Yuan revaluation may remain on back burner

08:14, May 19, 2010      

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The chances of an early revaluation of the renminbi look unlikely and could happen much later than expected, considering that the nation's trade surplus may see steep erosions due to the European debt crisis and the growing trade protectionist measures against China's exports, leading economists and experts said on Tuesday.

A dock worker at the new Qianwan container terminal of Qingdao Port in Qingdao, Shandong province. [Agencies]

Earlier estimates were that the nation would allow the renminbi to rise during the second quarter, with overall gains of 3 to 5 percent for the whole year.

Economists now consider such a move unlikely and expect any currency moves to be deferred till the end of the year with a smaller range and overall gains of 2 to 3 percent.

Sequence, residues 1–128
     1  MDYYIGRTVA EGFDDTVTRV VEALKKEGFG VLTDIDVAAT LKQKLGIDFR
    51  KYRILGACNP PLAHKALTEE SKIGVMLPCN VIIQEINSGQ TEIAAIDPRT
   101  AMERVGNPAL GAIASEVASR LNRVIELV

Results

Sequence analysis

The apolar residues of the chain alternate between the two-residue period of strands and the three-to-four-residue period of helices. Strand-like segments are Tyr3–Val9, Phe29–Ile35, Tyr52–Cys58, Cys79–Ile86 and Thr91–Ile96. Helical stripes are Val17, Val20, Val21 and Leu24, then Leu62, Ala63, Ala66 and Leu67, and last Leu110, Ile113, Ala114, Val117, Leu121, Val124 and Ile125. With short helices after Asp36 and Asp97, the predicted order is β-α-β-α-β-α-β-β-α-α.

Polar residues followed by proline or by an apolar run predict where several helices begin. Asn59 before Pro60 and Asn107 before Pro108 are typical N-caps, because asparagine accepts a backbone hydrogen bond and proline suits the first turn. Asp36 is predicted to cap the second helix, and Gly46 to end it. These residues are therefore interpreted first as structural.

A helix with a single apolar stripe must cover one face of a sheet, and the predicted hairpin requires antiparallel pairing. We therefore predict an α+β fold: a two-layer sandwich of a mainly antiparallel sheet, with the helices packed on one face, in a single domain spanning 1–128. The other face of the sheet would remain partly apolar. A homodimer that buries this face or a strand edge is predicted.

Ministry of Commerce officials had on Monday indicated that the prospects for the nation's exports were not that hopeful this year and the annual trade surplus may see a big drop.

"The improved trade balance will lay a good foundation for China to implement its macro-economic policy and the currency issue should not be too politicized," said ministry spokesman Yao Jian.

"The growth in imports will, however, far exceed that of exports due to the surging prices for imported goods, and hence the large decline in the trade surplus will not be such a big concern," said Dong Xian'an, a chief economist at Industrial Securities Shanghai.

Dong expects the trade surplus this year to drop by 30 percent to $137.5 billion, compared with $196.1 billion in 2009.

Stimulated by the growing demand for commodities and raw materials, the monthly growth in imports has been outperforming exports since May 2009. That in turn has led to a drop in the nation's trade surplus for seven consecutive months ending April.

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